For example, a player of Zynga's CityVille might purchase energy, which Zynga classifies as a consumable because its full use comes at the election of the player. When the player buys the energy, Zynga records the purchase as deferred revenue on the balance sheet, and when that player uses the energy in gameplay, the revenue is recognized on the income statement.
Conversely, a player might buy a tractor on FarmVille to help manage a virtual farm. Similarly, the revenue is immediately classified as deferred, but it is recognized on the income statement ratably over its estimated useful life, just like a durable good in real life.
Except in Zynga's case, it isn't rust or a broken axle that will determine when the tractor has outlived its usefulness, it's when the player stops playing the game.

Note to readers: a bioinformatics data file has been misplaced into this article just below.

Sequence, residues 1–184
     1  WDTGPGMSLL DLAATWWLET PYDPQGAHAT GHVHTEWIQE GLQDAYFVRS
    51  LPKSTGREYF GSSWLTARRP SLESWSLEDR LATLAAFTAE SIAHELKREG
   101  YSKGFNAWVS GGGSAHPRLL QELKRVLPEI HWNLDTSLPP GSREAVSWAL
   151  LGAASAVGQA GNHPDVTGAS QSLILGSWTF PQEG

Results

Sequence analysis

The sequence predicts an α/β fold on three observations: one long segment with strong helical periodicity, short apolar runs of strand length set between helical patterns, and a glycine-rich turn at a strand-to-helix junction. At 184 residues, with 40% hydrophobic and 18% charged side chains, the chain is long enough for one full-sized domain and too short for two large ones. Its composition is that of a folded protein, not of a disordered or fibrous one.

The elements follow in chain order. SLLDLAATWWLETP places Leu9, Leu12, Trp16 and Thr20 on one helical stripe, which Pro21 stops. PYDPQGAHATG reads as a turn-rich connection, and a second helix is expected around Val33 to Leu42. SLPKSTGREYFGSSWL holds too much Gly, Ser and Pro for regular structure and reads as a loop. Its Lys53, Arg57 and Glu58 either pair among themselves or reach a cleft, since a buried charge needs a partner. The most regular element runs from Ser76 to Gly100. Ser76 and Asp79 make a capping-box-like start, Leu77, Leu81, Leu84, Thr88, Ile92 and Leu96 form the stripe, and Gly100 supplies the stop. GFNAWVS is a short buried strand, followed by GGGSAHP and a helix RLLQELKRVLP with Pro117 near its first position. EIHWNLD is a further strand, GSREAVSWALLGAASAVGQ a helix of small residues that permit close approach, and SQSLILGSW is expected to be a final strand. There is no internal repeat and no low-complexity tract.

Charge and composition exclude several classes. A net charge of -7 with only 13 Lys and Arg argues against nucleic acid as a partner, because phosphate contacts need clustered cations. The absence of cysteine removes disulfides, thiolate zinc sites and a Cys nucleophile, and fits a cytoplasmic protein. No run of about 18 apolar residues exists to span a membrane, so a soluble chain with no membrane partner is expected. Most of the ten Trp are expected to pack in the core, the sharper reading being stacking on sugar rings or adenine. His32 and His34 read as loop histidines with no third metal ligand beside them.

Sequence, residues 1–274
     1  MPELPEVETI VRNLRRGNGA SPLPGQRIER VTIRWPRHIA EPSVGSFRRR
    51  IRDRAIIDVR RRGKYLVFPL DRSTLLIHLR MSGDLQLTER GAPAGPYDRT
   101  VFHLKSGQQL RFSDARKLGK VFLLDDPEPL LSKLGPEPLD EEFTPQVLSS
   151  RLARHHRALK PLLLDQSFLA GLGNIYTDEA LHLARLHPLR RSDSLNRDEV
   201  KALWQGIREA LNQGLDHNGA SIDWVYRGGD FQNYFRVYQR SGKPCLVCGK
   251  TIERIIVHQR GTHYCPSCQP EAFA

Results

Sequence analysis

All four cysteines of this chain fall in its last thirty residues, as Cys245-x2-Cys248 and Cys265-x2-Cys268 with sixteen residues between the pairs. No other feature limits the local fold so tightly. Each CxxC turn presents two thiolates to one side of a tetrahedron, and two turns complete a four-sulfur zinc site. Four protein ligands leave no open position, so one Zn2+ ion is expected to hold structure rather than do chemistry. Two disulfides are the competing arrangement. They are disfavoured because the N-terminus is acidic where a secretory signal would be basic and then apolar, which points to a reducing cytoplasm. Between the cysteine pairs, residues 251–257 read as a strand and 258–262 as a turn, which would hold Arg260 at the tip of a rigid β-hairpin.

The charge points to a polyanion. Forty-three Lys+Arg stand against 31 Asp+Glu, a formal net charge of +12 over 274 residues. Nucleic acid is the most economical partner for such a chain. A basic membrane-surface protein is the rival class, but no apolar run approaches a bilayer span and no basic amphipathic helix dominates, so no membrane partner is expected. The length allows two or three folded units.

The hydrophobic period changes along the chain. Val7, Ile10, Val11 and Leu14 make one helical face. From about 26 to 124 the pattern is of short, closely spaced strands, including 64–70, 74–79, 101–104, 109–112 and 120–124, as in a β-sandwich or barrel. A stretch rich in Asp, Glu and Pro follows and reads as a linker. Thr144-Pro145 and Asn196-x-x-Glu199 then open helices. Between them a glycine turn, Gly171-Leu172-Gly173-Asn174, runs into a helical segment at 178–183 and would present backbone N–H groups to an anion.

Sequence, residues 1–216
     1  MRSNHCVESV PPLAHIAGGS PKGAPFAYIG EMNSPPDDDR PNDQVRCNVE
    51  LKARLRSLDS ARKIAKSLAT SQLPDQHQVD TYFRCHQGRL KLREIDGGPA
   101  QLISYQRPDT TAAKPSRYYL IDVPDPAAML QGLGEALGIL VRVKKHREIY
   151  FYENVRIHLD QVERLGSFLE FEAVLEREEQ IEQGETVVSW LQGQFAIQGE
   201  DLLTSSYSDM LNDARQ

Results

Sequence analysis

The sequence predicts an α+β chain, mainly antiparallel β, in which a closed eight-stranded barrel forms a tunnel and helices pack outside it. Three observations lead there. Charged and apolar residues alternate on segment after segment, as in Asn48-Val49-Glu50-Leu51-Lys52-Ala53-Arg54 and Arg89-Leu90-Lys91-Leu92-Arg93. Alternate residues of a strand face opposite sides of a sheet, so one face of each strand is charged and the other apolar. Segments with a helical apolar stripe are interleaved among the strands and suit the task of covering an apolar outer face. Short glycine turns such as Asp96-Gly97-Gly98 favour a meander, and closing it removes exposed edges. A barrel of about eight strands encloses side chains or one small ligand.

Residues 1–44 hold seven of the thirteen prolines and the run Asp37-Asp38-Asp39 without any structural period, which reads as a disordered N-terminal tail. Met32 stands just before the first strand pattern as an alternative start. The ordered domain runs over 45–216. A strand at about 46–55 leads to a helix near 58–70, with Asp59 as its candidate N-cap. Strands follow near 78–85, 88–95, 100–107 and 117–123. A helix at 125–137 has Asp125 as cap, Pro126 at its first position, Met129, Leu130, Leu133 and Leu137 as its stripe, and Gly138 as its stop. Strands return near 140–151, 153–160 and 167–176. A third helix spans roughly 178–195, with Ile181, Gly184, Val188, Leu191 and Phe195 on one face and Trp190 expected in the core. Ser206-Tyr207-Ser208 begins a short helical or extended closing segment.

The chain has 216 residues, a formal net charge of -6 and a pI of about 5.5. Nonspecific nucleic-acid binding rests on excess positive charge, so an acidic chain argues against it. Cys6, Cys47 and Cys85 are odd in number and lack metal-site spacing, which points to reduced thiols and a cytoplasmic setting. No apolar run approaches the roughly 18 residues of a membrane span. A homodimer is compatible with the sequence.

Very clever. Like with any other toy, things become worthless when they are no longer fun to the player. Instead of attention span, we can now talk about "fun span" of users to characterize their interest in a particular item. In a world where the difference between real and virtual is becoming smaller and smaller, changes in fun span could have a major impact on the country's GDP. Also, imagine opportunities in trading fun options along with oil and pork belly futures!
By the way, I checked with Google search and it appears that I just invented the term "fun span."
tag: invention, innovation, virtual, games, economics, psychology.